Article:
Fox’s eleven Western offerings for 1958 (quite a normal quantity for those days!) were a mixed bag. There was a great one, The Bravados (four revolvers)and there were a couple of good ones, The Sheriff of Fractured Jaw, From Hell to Texas and The Fiend Who Walked the West (all 3), and a few OK-to-middling pictures such as Ambush at Cimarron Pass (2), Villa!! (to be reviewed soon), Cattle Empire (2), Blood Arrow and Flaming Frontier (to be reviewed one day) as well as, of course, a couple of duds, Showdown at Boot Hill (Charles Bronson's first Western lead) and Wolf Dog (a semi-Western with Jim Davis). Sierra Baron was in the OK-to-middling class.
A keen Western buff, Keith (1921 to 1997) did a lot of oaters, big screen and small, notably of course as The Westerner on TV in 1960, though for a single series of 13 episodes. “Only four or five of these were really good,” he said. “But those four or five were as good as anything anybody has ever done.” (I think he meant the Sam Peckinpah ones). Keith rarely even watched his own pictures when they were finished (like Robert Mitchum) and he said, “I never gave a hoot, I just took what came along” (very similar to Mitchum’s famous dictum, “Baby, I don’t care”) and in some of his Westerns, that was rather evident.
He started very well, as the best thing in Paramount’s Arrowhead in 1953. Admittedly it wasn’t hard to be the best thing in that movie because it was a nasty, noxious film with a sour Charlton Heston in the lead. Still, Keith was memorable as the experienced Army captain. He was also impressive in The Violent Men two years later as Stanwyck’s slimy two-timing lover. Run of the Arrow, well, that was a pity (what a trashy picture), but I liked him as the gun-runner in Fort Dobbs, also in ’58 though for Warners, three months before Sierra Baron. He would go on to do Villa!!, our next-but-one review, and would be directed by Peckinpah again in The Deadly Companions, a film let down by a hopeless Maureen O’Hara, and that was followed by the disappointing The Raiders and a whole lot of Western TV shows and TV movies. The Hallelujah Trail and The Rare Breed were absolutely awful. It wasn’t really the greatest Western career but you get the sense that he could have been really good in the genre. If he’d bothered.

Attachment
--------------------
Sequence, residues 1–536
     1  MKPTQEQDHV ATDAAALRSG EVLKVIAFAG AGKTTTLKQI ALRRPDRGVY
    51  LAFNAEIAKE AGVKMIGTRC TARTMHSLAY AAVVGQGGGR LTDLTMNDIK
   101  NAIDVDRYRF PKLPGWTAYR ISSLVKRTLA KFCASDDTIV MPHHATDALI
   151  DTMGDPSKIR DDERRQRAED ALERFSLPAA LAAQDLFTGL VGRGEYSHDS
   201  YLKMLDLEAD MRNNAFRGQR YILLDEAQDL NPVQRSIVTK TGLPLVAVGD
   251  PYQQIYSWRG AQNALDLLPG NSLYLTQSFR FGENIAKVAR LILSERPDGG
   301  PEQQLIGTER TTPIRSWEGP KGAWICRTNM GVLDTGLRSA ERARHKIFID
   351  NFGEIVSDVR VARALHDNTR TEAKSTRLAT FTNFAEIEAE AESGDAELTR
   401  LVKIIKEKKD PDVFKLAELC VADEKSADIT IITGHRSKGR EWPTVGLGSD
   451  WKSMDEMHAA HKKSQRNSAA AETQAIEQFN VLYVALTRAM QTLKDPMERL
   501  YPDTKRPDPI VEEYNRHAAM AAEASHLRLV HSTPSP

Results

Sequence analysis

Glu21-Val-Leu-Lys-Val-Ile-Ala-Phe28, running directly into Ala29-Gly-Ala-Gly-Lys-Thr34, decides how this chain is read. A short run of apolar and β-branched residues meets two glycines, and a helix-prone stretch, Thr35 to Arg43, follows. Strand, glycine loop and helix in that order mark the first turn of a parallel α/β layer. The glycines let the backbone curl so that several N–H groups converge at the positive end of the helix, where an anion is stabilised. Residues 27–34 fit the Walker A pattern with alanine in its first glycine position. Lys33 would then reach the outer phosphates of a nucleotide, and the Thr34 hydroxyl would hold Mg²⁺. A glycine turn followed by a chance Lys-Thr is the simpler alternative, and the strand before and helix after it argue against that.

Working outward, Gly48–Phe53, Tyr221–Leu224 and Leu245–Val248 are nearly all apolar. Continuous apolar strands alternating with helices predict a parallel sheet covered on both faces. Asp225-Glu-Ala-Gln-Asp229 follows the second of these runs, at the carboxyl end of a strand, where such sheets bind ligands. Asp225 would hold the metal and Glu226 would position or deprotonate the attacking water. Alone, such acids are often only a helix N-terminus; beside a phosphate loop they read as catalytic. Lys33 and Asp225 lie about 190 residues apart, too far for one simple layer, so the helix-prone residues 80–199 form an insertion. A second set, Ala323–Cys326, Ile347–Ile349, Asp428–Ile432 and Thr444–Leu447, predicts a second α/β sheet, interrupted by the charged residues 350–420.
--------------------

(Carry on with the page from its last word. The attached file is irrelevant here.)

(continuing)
Sierra Baron was one of those 1840s California yarns, though much of it was a pretty formulaic crooked-banker-has-treed-the-town plot which could have been set anywhere and at any time in ‘the West’. Keith plays hired gun Jack McCracken, in the pay of the banker, who changes sides to fight for the good guys.
It was directed by James B Clark (below), who was not the brightest star in the Western firmament. This was his first feature oater in the director’s chair. He would return to Keith with Villa!! in October the same year, and in 1960 would do the flawed One Foot in Hell with an aging Alan Ladd. Mostly though it was TV shows, especially The Monroes. The direction of Sierra Baron is pedestrian.
James B Clark
The writing was plodding too. The screenplay was by Houston Branch, who sounds like the office of a Texas bank. He was responsible for the perfectly dreadful Belle of the Yukon and the pretty poor River Lady, so he was no great shakes Westernwise.
The idea is that the Delmonte family have a huge ranch in California, part of a 1761 Spanish land grant, but gold is discovered on the land, rancher Delmonte is murdered and American prospectors flood in, followed by a motley band of hangers-on, inc. crooks. The good news: the chief crook, banker Rufus Bynum, who obviously ordered the death of the rancher, is played by Steve Brodie. One of the better bad-guys, Brodie did more Westerns than any other genre, from Badman’s Territory in 1946 right through to an episode of the TV How the West Was Won in 1979, almost invariably as villain. I remember him especially in Gun Duel in Durango. In Sierra Baron he has a great line in natty vests, all the colors of the rainbow. Sadly, though, he had no derringer, which I felt he needed. Derringers were pretty well standard equipment for crooked bankers. Naturally, he has the tame local judge (Pedro Galván) and sheriff (Reed Howes) in his pay.
Top bad guy Steve Brodie
José Angel Espinosa, aka Ferrusquilla
Miguel starts with an interesting combat, fighting Bynum henchman Goheen (Lee Morgan), who has brass knuckles, by taking off a Spanish spur and slashing Goheen’s face with it. Naturally, though Miguel won’t be able to beat Bynum alone. He will be aided by Bynum’s erstwhile employee McCracken. This was a standard ploy: Mexicans were quite incapable of winning without US advice, help and direction (see every American Western set in Mexico).
Gunslinger Keith helps out the ranchero
It's also lerve
The picture was shot in CinemaScope and Technicolor in nice Mexico locations, so Fox didn’t do it entirely on the cheap. The DP was Alex Phillips, the Canadian-born Mexican cinematographer who shot quite a few Westerns in Mexico, both Mexican ones and American ones like The Last of the Fast Guns, the 1962 Geronimo, and The Glory Guys.
Cinematographer Alex Phillips
The costumes are interesting.